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review 2015-11-25 21:26
Fascinating glimpse into North Korea
Without You, There Is No Us: My Time with the Sons of North Korea's Elite - Suki Kim

Suki Kim has given us a fascinating glimpse into North Korea, a North Korea that few have seen.  Even though her own glimpses into the area were very limited, you can get a very good sense of the lack of freedom or privacy and the extreme feeling of imprisonment and claustrophobia that comprises the life of its citizens.  It’s like reading a very well written apocalypse novel, only this isn’t fiction – this is all too chillingly true.

 

The author has always been obsessed with North Korea and takes a job at the Pyongyang University of Science and Technology where the young students are all sons of the elite with the secret intention of writing about her stay there.  What’s so shocking about this university, besides the guards and "minders" who are constantly watching everyone, is the lack of technological knowledge these students of technology have as all they know is what the dictatorship had told them.  When she first starts teaching them, they know nothing of the internet but only have knowledge of the intranet that their government has given them, where only propaganda has been downloaded.  It’s a country of lies and deception and the inhabitants are almost completely shut off from the outside world.  The author’s hands are strictly tied as to what she can and cannot teach her students and she longs to open the world to them but is unable to.  She’s also faced with the fear that she may endanger her students by giving them information that would make them unsatisfied with the stilted life they’re leading.

 

I found the book to be a fascinating one and felt that Ms. Kim did an excellent job in relaying her emotions and observations during her stay in North Korea.  She is a brave soul to have put herself at such risk in order to try to get information to share with the world.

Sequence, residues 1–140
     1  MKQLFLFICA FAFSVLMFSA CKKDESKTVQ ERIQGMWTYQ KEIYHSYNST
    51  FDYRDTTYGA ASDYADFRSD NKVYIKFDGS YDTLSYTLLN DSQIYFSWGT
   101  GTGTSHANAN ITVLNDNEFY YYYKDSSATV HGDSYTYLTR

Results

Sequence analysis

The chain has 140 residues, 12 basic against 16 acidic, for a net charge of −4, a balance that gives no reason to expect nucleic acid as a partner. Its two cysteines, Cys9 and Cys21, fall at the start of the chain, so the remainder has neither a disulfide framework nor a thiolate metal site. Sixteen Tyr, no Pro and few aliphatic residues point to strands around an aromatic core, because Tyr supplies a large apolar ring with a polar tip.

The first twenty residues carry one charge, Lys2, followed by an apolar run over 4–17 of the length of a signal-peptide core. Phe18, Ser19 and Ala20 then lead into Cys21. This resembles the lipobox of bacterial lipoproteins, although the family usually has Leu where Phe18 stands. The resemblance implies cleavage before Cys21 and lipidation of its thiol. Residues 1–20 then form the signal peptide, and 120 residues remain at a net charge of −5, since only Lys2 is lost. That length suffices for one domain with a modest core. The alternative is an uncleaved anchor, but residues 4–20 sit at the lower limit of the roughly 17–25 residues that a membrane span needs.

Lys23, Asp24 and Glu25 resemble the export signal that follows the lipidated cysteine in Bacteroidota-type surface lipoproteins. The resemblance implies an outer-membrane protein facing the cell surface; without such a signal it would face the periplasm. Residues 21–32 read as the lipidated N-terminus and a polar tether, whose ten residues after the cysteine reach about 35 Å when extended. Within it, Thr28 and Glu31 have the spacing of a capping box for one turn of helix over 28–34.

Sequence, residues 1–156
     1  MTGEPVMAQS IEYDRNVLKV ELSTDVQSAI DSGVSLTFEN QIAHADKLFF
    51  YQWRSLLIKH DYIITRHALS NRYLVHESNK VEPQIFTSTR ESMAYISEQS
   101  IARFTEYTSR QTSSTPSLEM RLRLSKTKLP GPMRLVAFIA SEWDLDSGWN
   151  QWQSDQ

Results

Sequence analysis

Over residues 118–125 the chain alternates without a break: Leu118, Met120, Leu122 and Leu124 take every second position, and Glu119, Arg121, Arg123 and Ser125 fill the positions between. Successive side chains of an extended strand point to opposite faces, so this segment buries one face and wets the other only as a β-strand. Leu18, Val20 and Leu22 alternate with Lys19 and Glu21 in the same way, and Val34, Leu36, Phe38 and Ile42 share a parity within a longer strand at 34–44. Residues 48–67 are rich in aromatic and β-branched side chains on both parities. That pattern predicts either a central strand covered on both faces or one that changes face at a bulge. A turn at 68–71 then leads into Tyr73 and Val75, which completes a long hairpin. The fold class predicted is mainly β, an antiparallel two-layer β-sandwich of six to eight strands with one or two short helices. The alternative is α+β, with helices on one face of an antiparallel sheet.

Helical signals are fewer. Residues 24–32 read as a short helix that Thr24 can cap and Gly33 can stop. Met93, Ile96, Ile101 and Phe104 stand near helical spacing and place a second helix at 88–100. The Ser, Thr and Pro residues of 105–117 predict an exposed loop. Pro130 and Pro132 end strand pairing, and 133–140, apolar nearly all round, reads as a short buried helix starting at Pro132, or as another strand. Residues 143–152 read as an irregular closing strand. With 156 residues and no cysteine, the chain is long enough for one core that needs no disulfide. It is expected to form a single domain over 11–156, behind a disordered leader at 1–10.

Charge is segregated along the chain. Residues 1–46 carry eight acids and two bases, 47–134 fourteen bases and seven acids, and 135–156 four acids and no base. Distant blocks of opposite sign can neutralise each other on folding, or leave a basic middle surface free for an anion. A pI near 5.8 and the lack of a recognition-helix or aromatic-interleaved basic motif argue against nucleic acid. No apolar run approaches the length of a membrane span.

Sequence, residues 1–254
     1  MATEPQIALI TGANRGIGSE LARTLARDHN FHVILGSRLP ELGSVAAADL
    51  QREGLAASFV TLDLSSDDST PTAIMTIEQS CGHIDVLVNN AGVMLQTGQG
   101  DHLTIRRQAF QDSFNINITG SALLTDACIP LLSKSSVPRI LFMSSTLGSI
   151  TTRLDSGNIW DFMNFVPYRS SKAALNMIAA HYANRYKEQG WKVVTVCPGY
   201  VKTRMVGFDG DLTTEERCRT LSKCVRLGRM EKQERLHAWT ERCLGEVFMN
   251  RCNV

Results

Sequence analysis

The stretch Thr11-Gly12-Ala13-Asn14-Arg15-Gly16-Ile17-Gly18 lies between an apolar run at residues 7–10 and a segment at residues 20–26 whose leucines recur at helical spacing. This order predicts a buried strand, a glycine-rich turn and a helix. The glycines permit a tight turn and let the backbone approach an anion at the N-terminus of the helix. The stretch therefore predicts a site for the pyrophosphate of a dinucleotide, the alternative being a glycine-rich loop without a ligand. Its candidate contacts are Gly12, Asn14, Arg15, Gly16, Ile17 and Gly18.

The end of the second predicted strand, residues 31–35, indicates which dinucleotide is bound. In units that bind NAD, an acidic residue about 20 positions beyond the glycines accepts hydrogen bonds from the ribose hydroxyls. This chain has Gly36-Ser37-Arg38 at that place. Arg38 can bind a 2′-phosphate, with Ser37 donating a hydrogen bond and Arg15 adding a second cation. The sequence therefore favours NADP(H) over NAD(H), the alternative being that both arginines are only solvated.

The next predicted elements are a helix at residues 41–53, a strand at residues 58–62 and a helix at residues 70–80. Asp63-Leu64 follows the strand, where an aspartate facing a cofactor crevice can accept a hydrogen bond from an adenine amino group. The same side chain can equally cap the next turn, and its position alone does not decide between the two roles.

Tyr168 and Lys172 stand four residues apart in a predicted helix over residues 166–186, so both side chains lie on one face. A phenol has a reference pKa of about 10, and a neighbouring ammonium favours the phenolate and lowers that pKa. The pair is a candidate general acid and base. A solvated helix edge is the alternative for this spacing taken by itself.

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text 2015-11-04 12:31
Pozdrowienia z Korei. Uczyłam dzieci północnokoreańskich elit - Suki Kim,Agnieszka Sobolewska

Życie pod ciągłą obserwacją, kontrola wypowiedzi, ograniczenie swobody poruszania się nawet na terenie kampusu uniwersyteckiego, dyktowanie ścisłych reguł w każdym aspekcie życia – z tym wszystkim musiała zmierzyć się Suki Kim, kiedy na własne życzenie wyjechała do Korei Północnej.
Więcej tu: https://lolantaczyta.wordpress.com/2015/11/04/pozdrowienia-z-korei-uczylam-dzieci-polnocnokoreanskich-elit-suki-kim/

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review 2015-08-29 20:36
Pozdrowienia z Korei. Uczyłam dzieci północnokoreańskich elit - Suki Kim,Agnieszka Sobolewska

"W Pjongjangu żyje się jak w akwarium. Wszystko, co mówisz i robisz, będzie obserwowane" - to jedno zdanie idealnie obrazuje życie w Korei Północnej.

 

Gdyby było można przyznać 9 gwiazdek to też bym dał max

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text 2015-06-03 07:37
Nowości - czerwiec 2015

 

Po majowym wysypie nowości nadchodzi czerwiec z początkiem sezonu ogórkowego. Ciekawych premier jakby mniej, ale i tak można znaleźć kilka intrygujących pozycji, w sam raz na pierwsze wakacyjno-urlopowe wyprawy. W tym zacnym gronie m.in. nowy Pilch oraz György Spiró, jak również pikantne ciekawostki dawnego Hollywood oraz Cesaria Evora i jej niesamowite życie.

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review 2015-04-10 20:23
Without You There Is No Us/Suki Kim
Without You, There Is No Us: My Time with the Sons of North Korea's Elite - Suki Kim

This description of the author’s time in North Korea allows us to enter a world we know little about. While there are some details I want to know more about, she includes a lot of interesting small details. She talks enough about herself to want me knowing more but not to satisfy me.

I'm entirely fascinated by North Korea. It's a location very few people are lucky enough to enter, and I was extremely jealous of Suki. However, this book is hard to read as memoir. At times it feels like there’s either too much or not enough detail about the author herself. We hear a lot about her love life and how she feels lonely, but we don’t get specific details about how she had recently broken off an engagement or about how she got to know the person she’s rekindling a flame with. I'd want her to either cut all of her personal life out or make it relevant and work it in.is is a very real look at a lifestyle very few others can imagine. As it stands, this book is about Suki and about North Korea whereas it would be much easier to read if these details intertwined.

There are many details that lend this book a feeling of reality, small things like these are juicy, but these details are all that really keeps the book moving. Some details that are thrown in could be expanded more. I think it'd be more interesting to interview the author to really get a sense of what each reader individually would be interested in.

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